Amani: Even before Yasmin, there was my mum, Aleya and (Datin Paduka) Shuhaimi Baba whose work I love. Things are only a burden if you let them be. Yasmin’s legacy must continue and I want to do it. She understood that the more local you make a film, the more international its appeal. I want to stir the pot and get a dialogue going.
Aleshya: There were comments that a short film I did recently had nuances of Yasmin. It wasn’t conscious and I was quite surprised at the feedback. I do what I want because when you are afraid (of living up to expectations), you will mess up.
> Who are the local players you think deserve credit for growing the industry right now?
Aleya: The KRU brothers! Where would Malaysian hip-hop be without them? They are trendsetters and at the same time, they are trend followers who are constantly learning and evolving. They adapt and survive. And I really envy the bravery of Projek Disco Baldi (comedy ensemble). We have bundles of talents just waiting to explode.
Amani: People like Iedil Putra, Farah Rani, Sherry Al-Hadad, Megat Sharizal and Redza Minhat are all from theatre. They just got together and started to make sketches for Projek Disco Baldi. Now under Playground Productions, they also came up with Terbaik Dari Langit, which is coming out in December. Imagine a group with no movie-making knowledge out creating their own opportunities. They are not just sitting around asking why our industry (is) like this. People like Nik Amir Mustapha, Bront Palarae and AG Coco are all talents who create their own destiny. No money never mind, pinjam dan buat dulu.
Nam Ron is one of my sifus. He is such a brilliant mind yet very humble – such a beautiful playwright. They are really young! The problem here is that we don’t know how to preserve our talents. We squeeze them dry and chuck them aside. But it’s exciting now because people are coming up with different things. Everyone is leading by example. This is the essence of indie.
Aleysha: In our industry, there are selfish people who are not interested in nurturing because they are worried about people becoming better than them. So I am appreciative that groups like Revolution Stage and Five Arts Centre are there to educate performers. They have all kinds workshops, training and stagings. They really care about kids who are genuinely interested. Five Arts is so open and will help you if you want to do something. These people are really happy to help you grow.
Aryana: Projek Disco Baldi. Those involved are all successful in their own right but are even stronger when working together. They’ve shown that you don’t have to sell out to make it good. We also need more talents like the KRU brothers, who are not just creative people but are also entrepreneurs. There’s Syafie Naswip (her co-actor in Mukhsin) who just keeps getting better. He went on to do Songlap and I keep telling him not to be so awesome because we are supposed to be contemporaries. Wait for me (laughs)!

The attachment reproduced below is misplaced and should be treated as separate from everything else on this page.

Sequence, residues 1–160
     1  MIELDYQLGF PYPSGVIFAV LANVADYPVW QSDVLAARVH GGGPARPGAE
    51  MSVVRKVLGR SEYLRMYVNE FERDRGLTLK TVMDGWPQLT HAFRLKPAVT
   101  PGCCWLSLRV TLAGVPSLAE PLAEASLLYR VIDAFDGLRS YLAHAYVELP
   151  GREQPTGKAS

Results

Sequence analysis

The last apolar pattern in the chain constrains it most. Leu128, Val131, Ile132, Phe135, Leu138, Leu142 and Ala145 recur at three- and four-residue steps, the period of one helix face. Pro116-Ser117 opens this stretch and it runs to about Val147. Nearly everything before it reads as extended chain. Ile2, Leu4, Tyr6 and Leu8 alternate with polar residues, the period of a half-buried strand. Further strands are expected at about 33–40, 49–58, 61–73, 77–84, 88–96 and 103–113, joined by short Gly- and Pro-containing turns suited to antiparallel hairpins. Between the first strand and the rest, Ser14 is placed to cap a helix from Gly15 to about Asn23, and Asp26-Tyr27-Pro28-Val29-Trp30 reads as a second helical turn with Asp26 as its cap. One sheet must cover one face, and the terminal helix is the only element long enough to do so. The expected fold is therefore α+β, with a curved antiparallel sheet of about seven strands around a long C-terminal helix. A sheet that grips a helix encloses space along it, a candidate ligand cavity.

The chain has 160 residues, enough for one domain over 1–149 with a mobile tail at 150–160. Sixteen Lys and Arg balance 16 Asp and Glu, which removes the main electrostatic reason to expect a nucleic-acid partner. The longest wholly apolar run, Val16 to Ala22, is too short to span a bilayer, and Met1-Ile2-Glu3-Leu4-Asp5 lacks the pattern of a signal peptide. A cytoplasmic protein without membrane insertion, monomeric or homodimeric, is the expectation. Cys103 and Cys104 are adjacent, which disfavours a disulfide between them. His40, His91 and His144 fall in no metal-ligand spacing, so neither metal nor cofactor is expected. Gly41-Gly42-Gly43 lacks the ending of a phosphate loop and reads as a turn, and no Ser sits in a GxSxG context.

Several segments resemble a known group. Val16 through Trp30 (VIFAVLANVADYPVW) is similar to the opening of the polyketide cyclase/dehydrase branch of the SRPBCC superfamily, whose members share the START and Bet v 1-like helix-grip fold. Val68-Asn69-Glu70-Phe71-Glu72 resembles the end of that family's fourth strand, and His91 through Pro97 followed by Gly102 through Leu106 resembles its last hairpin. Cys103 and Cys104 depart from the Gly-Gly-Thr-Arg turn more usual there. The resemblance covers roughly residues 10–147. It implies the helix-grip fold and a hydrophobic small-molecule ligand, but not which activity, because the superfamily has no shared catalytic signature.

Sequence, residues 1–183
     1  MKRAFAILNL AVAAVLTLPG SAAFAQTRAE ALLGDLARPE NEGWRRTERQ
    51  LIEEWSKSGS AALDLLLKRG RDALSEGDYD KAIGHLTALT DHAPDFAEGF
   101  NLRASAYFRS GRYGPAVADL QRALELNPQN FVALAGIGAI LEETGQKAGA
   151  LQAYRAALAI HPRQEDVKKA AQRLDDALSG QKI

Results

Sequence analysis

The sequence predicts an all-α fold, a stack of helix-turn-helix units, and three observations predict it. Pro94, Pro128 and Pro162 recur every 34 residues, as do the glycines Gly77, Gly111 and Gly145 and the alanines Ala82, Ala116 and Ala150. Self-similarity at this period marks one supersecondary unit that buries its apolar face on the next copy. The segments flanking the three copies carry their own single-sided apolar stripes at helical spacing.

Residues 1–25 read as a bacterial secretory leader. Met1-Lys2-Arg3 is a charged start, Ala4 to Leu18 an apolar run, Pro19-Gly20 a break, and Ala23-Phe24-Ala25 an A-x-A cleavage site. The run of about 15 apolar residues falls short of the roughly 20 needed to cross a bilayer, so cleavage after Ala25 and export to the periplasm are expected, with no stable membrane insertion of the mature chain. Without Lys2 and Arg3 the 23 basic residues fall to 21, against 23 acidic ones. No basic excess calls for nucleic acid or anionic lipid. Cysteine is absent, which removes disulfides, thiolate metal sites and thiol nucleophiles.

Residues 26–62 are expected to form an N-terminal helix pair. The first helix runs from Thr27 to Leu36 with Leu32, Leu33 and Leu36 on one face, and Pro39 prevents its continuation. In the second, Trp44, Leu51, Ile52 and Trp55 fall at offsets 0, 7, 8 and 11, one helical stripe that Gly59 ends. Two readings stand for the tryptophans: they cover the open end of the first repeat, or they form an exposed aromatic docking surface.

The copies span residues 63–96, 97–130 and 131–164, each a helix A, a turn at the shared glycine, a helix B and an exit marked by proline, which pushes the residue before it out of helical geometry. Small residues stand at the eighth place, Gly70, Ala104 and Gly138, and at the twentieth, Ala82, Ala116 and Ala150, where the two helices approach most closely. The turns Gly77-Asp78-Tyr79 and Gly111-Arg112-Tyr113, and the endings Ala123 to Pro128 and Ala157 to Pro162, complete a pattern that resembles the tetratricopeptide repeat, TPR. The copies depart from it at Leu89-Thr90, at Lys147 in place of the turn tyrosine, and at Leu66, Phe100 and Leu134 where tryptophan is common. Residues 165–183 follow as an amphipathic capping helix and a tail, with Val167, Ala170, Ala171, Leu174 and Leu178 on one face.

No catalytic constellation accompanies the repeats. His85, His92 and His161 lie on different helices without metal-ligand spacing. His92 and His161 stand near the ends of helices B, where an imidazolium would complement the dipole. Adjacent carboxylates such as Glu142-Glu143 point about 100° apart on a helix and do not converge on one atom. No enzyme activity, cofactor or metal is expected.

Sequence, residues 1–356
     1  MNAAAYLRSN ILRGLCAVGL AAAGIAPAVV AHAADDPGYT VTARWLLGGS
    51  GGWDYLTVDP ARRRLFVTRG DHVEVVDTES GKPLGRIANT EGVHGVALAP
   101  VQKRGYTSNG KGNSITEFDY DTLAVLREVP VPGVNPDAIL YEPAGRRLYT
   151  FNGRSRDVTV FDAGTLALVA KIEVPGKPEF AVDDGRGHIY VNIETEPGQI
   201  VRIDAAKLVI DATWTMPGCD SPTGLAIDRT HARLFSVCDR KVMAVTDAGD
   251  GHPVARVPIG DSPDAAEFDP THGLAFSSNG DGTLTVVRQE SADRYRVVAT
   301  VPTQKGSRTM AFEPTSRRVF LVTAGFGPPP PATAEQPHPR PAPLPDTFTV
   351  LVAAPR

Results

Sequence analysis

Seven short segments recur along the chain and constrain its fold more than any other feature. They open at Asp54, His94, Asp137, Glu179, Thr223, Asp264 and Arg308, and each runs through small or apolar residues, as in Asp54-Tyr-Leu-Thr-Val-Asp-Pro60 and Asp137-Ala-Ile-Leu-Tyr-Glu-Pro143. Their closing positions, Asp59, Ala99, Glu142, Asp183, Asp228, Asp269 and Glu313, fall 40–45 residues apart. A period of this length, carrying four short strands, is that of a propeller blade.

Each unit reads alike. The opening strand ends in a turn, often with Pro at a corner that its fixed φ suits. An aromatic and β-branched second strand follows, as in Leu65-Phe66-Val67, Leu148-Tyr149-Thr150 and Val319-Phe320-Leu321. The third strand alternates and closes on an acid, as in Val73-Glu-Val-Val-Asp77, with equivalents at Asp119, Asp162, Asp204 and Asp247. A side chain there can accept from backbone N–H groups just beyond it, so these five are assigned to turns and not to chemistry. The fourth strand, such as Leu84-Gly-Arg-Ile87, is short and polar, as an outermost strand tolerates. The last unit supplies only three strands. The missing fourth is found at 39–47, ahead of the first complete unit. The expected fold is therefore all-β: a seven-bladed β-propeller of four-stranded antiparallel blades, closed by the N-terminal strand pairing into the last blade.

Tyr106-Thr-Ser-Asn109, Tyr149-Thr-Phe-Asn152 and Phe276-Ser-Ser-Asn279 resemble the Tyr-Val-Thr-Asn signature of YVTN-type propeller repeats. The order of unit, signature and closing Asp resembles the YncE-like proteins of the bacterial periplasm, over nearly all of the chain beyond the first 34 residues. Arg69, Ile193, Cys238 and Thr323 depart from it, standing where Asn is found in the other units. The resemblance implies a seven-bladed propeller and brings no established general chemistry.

> Are you your children’s worst critic, Fatimah?
Fatimah: Yes! They are always so afraid when I watch them perform. I don’t know why. I suppose it’s because they don’t want to disappoint me.
> Amani was once criticised for speaking in English at an awards ceremony and later going bald for her role in Mualaf. Do you think that Malaysians are judgmental?
Fatimah: I’d like to believe that Malaysians are generally not. The judgmental ones are the minority and, unfortunately, their voices are louder because of social media.
> Fatimah, you have described your family as emotionally volatile. Do you see yourself as a Malaysian Kris Kardashian? Do you have any plans to film a reality show?
Fatimah: We’ve had at least two offers but the family is not comfortable with the idea of a reality show. There would be a lot of censoring if we did it (laughs). Plus, we are allergic to glamour. You must respect your craft. I don’t have Kris’ drive. She’s more of a businesswoman while my role first and foremost is to be their mother.
Besides, I am too busy with my own life as a daughter, mother, wife, grandmother, trainer, consultant and actress to be my children’s manager. At my age, though, I have to choose my roles carefully, not because I am picky but because I don’t have much time left to waste on things that I don’t enjoy doing.
Aleya: It’s hard to find a family like ours where everyone is involved in the industry. We will claw each other’s face off sometimes but I am very protective of my sisters.